Talk about rising expectations. Not long ago, I was seriously suggesting that Apple might release its Mac Pro desktop early, simply because of the availability of the new Intel Xeon chips, which are ideal for a powerful workstation. If that doesn’t happen, the next moment of opportunity is Apple’s WWDC next month, even though Leopard will be the major talking point.
At the same time, there are other sides of the story that probably rate equal coverage. You see, the people who buy these products are a conservative lot and they are not apt to rush madly into the stores to acquire a Mac Pro right out of the starting gate. They might prefer to wait for others to be the early adopters, in case there are defects of one sort another, particularly if there’s a major change in the form factor. In addition, if the software they require hasn’t appeared in Universal form, they might just wait on the sidelines.
For video production people using Apple’s Final Cut Studio, which will run native on Intel processors, this won’t be a problem. Assuming QuarkXPress releases a final Universal version 7.0, the same is true, and there are certainly other applications for content creators that are ready to roll or already available.
But Photoshop will not be among them, and would it make sense to shell out three grand or more for a computer that will run Adobe’s Creative Suite at half speed?
This doesn’t mean Apple would want to delay its professional desktop, although there’s good reason to keep some Power Macs in the catalog for folks who aren’t ready to ditch the PowerPC, and perhaps even the Classic mode for legacy Mac OS 9 software.
On the other hand, assuming a Mac Pro does appear as expected. How would you like to see it changed? No more of that cheese grater look, or does it even matter, so long as its powerful enough to get the job done?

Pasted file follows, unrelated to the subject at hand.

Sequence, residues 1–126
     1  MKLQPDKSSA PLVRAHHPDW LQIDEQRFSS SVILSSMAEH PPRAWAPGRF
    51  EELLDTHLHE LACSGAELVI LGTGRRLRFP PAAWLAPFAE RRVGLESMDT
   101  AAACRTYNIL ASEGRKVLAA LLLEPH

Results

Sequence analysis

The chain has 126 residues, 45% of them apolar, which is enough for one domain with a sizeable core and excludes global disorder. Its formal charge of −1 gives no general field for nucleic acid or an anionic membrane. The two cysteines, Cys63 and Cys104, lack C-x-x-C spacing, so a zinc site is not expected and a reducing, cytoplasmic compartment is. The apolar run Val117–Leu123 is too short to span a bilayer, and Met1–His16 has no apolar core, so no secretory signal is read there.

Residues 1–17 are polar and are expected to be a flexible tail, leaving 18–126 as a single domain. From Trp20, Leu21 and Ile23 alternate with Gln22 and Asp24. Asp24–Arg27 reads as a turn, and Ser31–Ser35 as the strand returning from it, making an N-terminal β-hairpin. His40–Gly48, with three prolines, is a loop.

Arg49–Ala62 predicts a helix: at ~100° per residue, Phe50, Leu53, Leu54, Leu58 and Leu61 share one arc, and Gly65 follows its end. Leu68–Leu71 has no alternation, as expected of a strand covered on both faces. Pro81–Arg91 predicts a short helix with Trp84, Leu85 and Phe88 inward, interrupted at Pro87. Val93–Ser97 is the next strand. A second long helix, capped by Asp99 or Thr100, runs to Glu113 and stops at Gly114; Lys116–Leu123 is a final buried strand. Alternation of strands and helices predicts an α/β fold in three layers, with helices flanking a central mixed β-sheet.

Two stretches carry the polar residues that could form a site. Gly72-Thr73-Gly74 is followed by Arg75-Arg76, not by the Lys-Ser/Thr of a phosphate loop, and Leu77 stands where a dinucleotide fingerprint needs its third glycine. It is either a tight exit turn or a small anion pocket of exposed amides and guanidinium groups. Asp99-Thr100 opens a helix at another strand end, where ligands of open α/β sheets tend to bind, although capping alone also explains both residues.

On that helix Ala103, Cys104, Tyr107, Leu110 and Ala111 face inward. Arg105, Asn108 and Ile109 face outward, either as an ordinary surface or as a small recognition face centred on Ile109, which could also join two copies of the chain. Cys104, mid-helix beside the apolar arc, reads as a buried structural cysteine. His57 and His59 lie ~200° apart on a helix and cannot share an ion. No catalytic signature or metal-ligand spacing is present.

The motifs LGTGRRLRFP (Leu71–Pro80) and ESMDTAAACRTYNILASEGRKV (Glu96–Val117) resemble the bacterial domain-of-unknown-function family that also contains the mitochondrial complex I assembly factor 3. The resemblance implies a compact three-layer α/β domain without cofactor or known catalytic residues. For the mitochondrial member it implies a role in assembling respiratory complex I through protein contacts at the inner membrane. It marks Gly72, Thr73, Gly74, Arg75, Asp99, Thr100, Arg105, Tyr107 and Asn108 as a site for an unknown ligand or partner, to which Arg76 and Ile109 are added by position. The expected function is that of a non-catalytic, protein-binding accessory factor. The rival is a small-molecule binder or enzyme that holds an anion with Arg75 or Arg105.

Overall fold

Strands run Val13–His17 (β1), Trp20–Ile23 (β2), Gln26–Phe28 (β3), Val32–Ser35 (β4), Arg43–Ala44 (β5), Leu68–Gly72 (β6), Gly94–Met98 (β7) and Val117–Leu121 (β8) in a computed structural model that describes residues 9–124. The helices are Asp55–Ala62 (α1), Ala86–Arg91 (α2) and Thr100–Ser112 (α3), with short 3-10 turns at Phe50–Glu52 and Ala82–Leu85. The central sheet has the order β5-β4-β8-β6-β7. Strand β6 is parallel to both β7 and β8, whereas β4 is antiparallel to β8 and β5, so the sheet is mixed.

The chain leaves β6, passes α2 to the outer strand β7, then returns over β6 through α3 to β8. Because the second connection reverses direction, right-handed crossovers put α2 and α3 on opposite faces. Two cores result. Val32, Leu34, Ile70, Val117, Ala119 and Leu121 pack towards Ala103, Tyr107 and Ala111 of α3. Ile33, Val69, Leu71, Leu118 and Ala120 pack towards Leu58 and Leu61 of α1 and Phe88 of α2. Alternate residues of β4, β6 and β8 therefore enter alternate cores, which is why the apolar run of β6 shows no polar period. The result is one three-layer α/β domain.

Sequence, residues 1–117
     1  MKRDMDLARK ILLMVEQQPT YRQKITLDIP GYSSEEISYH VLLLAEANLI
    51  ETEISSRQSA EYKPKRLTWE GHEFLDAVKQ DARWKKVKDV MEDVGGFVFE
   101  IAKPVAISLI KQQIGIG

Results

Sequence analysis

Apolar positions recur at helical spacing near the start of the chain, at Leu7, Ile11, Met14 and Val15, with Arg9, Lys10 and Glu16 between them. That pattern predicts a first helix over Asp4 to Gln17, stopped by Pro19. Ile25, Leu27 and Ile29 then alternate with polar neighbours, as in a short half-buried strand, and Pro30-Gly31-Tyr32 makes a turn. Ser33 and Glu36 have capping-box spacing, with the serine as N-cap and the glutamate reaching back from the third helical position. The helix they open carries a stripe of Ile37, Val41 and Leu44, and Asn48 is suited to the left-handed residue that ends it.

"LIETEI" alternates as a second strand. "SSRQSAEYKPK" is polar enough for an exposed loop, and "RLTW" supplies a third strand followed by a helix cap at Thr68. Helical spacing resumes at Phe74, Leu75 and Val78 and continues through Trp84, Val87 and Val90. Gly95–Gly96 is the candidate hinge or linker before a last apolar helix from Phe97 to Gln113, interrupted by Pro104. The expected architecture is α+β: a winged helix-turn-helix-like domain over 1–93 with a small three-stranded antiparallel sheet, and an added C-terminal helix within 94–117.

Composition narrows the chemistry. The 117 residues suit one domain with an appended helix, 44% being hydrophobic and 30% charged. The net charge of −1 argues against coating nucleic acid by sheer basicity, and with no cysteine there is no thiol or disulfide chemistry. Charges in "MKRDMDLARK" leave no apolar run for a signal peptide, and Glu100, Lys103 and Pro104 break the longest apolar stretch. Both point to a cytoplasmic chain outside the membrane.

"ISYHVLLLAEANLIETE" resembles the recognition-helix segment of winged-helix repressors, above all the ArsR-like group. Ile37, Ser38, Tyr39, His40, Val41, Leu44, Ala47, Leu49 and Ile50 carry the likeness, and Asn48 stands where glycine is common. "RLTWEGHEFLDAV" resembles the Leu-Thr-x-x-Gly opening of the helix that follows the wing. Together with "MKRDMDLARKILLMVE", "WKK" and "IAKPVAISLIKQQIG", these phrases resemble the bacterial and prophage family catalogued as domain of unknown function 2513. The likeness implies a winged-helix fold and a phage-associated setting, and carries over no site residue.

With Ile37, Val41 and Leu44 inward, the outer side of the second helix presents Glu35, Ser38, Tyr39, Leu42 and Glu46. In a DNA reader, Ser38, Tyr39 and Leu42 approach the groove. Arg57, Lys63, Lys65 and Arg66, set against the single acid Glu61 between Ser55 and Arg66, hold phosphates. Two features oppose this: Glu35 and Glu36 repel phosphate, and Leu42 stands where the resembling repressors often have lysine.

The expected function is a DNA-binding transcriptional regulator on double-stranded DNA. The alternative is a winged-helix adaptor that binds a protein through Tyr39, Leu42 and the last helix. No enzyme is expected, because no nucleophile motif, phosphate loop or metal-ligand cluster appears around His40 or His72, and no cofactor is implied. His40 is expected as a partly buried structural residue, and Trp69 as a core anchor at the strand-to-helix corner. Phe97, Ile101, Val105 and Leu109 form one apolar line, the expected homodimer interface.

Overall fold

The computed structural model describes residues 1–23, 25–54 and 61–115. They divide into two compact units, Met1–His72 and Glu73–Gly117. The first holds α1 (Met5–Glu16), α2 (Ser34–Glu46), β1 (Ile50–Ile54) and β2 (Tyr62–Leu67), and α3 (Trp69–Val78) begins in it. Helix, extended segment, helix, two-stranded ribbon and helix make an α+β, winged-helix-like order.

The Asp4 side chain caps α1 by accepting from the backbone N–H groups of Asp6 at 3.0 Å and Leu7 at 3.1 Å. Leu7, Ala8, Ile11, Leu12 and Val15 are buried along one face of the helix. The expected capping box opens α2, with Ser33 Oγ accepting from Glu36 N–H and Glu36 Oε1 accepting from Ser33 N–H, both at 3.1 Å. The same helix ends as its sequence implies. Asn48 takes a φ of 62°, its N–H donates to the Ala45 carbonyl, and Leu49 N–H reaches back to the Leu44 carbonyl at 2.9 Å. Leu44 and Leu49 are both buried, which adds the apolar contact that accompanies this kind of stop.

Besides, it’ll probably be placed below your desk, and you’ll only pay attention if you have to change connections.
So it’s quite possible, as some rumor sites suggest, that the Mac Pro will look very much like today’s Power Mac G5. But wait a minute! Consider all that elaborate cooling gear, including the liquid system on the high-end models. Right now, only two hard drives fit inside, and there’s but a single optical device. Since the Intel chips supposedly run a whole lot cooler, you have to believe Apple will simplify the ventilation network and provide more room for extra drives, perhaps four as in the Power Mac G4. There also ought to be room for a second optical drive, just as you see even in lower priced PC minitowers.
You see, a Mac Pro would have to be designed for usability more than having just another pretty face. There’s also the evidence of recent history, since Apple’s Intel-based line looks a lot like the PowerPC predecessors, and only the MacBook has gotten a somewhat updated form factor to accommodate the widescreen display.
There is also good reason to expect a rich selection of 3D graphic cards, some with superior gaming capability. You see, gamers are a major audience for professional-caliber desktops as well. Ask Alienware, now a subsidiary of Dell.
But as I said, this is not a rumor, just a little-common sense that may end up being totally wrong when the real thing finally makes its debut.
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